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Is it Other’s or Others’ (Correct Grammar + Examples

Is it other’s or others’? Using the apostrophe in the English language typically provides pluralization to the word that it is modifying. Adding an apostrophe can suggest that there is possession. And many amounts of certain things. For example, “Sonia’s book is missing.” In this sentence, the possession of the book is to Sonia, the person. This is how an apostrophe can modify singular nouns. An apostrophe can also modify compound nouns and create joint or separate possession.

Learn which word form is correct in this short guide…

Why is there confusion between other’s and others’?

Making the word “other” plural can be challenging because it varies based on the way the word is getting used in a common sentence. For example, when we say “each other’s work” it is a singular pluralization of the word form. When we say “consider other’s opinions,” we use “others'” with the apostrophe at the end with no additional “s” letter, because there are many opinions we are referring to.

How to use the apostrophe correctly

The possessive singular noun is made by adding an apostrophe and the letter “s” to the singular noun in question, regardless of whether the singular noun ends in an “s” letter.

When a plural noun has an “s” at the end, the possessive form of the noun is created by simply adding an apostrophe. When the noun ends in any other letter, the possessive form is made by adding both an apostrophe and an “s.”

Singular nounSarah’s
Plural nounWomen’s
2 or more peopleKim and Adam’s
Singular noun ending in “s”James’s and James’
Plural noun ending in “s”Parent’s
2+ peopleKim’s and Adam’s
Apostrophe for PossessivesApostrophe for Contractions
Amy’s swim classthey + have = they’ve
Karen’s carare + not = aren’t
Robert’s vehiclethey + will = they’ll

“Other” definition

Let’s take a look at the definition of “other.”

Other (adjective) /ˈəT͟Hər/denoting a person or thing that is different or distinct from one already mentioned or known about.

Which is correct? Other’s or others’?

Here is a simple breakdown of which word form is correct. For examples of each word form in an English sentence, scroll down to the next section.

WordCorrect or incorrect
Other’sCorrect: We want to see each other’s results.
Others’Correct: How many others’ opinions do we need to survey?

Key differences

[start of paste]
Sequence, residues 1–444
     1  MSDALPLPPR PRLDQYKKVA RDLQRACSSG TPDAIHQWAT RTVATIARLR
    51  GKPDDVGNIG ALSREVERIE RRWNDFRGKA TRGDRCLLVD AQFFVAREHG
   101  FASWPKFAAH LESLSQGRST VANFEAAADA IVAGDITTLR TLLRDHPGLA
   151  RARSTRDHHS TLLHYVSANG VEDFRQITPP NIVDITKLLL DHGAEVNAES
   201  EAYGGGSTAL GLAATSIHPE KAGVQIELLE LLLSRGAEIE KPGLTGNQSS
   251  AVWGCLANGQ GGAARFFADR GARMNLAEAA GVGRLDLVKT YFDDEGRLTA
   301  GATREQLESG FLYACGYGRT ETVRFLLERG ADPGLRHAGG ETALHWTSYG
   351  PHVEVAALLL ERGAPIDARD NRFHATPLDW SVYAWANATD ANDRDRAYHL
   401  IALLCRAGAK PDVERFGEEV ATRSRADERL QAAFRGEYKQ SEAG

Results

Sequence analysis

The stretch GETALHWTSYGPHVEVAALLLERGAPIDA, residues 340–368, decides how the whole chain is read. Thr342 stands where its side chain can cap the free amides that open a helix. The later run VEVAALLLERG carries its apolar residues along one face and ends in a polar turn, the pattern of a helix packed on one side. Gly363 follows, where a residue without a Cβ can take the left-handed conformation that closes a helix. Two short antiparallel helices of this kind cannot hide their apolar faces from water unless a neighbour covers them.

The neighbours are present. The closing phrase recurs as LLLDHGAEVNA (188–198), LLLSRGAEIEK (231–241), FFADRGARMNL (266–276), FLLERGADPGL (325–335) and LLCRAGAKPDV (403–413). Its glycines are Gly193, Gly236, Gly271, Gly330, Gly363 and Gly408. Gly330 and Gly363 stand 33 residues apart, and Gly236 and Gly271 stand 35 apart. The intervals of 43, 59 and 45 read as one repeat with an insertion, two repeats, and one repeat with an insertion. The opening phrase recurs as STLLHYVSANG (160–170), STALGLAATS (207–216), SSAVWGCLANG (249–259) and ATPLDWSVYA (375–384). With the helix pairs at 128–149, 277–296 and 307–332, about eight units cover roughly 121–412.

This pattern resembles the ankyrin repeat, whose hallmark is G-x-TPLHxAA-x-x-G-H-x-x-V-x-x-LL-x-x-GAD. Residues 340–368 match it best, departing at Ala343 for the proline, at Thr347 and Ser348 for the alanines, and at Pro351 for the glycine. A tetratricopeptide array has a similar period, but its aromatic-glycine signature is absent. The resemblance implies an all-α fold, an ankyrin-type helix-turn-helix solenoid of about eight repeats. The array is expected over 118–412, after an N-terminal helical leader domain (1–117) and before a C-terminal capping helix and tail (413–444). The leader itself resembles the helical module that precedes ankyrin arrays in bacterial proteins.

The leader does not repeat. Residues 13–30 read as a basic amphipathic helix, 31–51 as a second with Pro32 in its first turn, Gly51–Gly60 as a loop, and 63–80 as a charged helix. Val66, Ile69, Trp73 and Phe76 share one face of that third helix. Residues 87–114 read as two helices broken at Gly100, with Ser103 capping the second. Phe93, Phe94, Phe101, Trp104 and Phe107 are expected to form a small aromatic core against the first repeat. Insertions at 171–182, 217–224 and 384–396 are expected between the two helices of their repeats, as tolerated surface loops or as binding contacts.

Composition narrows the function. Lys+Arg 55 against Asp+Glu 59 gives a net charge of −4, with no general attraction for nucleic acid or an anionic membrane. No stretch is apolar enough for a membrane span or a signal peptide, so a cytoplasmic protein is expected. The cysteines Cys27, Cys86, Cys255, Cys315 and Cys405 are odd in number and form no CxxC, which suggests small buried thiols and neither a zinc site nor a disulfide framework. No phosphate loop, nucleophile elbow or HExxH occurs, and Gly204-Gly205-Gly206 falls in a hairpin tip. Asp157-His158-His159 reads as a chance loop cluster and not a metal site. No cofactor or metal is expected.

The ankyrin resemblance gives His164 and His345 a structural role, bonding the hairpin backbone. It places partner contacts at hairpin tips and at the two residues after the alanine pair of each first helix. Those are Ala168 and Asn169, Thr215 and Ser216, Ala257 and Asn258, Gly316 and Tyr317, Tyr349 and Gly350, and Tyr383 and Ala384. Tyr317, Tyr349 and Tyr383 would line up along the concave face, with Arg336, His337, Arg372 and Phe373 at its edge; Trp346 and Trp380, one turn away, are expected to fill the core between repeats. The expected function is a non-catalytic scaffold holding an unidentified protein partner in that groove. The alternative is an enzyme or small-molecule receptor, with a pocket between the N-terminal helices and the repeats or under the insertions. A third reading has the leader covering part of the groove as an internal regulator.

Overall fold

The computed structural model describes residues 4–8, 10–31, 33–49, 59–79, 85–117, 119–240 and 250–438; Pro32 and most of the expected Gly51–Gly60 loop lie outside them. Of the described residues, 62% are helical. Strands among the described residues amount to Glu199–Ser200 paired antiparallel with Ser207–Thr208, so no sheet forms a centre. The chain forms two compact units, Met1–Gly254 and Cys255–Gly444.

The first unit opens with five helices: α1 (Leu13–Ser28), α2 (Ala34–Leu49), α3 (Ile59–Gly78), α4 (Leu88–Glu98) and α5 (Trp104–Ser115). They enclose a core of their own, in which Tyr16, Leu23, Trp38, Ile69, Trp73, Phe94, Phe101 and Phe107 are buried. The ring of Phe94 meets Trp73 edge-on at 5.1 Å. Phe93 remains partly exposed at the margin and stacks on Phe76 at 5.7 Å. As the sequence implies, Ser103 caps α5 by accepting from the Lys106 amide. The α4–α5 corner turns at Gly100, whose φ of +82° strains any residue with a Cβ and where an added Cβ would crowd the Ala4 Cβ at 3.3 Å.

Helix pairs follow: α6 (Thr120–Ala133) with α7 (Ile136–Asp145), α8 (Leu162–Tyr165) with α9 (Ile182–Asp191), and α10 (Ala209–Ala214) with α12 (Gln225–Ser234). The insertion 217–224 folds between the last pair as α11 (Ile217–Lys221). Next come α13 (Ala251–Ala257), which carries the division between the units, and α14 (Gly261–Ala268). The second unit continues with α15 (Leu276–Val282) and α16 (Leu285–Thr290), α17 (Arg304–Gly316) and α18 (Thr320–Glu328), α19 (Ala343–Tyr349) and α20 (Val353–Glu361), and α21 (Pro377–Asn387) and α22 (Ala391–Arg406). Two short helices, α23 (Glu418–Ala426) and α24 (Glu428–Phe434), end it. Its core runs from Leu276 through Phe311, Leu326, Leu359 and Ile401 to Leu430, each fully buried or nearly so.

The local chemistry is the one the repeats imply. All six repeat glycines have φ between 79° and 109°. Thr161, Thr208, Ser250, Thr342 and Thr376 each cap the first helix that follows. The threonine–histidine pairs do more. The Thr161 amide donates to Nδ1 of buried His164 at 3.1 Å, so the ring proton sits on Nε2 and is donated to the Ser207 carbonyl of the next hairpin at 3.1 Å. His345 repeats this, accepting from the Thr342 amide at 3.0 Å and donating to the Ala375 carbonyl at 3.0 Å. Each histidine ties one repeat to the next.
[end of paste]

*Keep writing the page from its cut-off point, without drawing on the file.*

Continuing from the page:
Think about it like you are referring to “each other” (singular). In that case the word “other’s” is correct. It is like you are saying “each other’s.” With the plural form being others’.

Other's sentence example
Other’s sentence example

Other’s sentence examples

Below are sentence examples using the word form correctly:

  • Can we see each other’s test results tomorrow?
  • I think each other’s opinions really matter in making this decision.

Others’ sentence examples

Below are sentence examples using the word form correctly:

  • How many of the others’ thoughts and opinions really matter in making this decision?
  • Are there many others’ thoughts that need to be considered when we decide which insurance plan we choose?

How to remember which word form to use

To remember which word form to use, try to remember how many things you are referring to. What the count of those are. For example, if there are many of the “other’s” things that are getting referred to, then use others’. If you are only referring to one object, then use other’s.

Here is a simple trick to remember apostrophe rules:

Use apostrophe + “s” with nouns that don’t end in “s”. When a singular noun has possession over another noun (such as Sarah’s hat or mom’s cat), add an apostrophe + “s” to the end of the noun. The same rules apply for collective nouns and plural nouns that don’t end in the “s” letter.

Common questions

Questions and answers about the English language.

Is “each other’s” correct?

Yes. “Each other’s” is the correct singular form of the word “other” in that phrase.


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About the author

Dalia Y.: Dalia is an English Major and linguistics expert with an additional degree in Psychology. Dalia has featured articles on Forbes, Inc, Fast Company, Grammarly, and many more. She covers English, ESL, and all things grammar on GrammarBrain.

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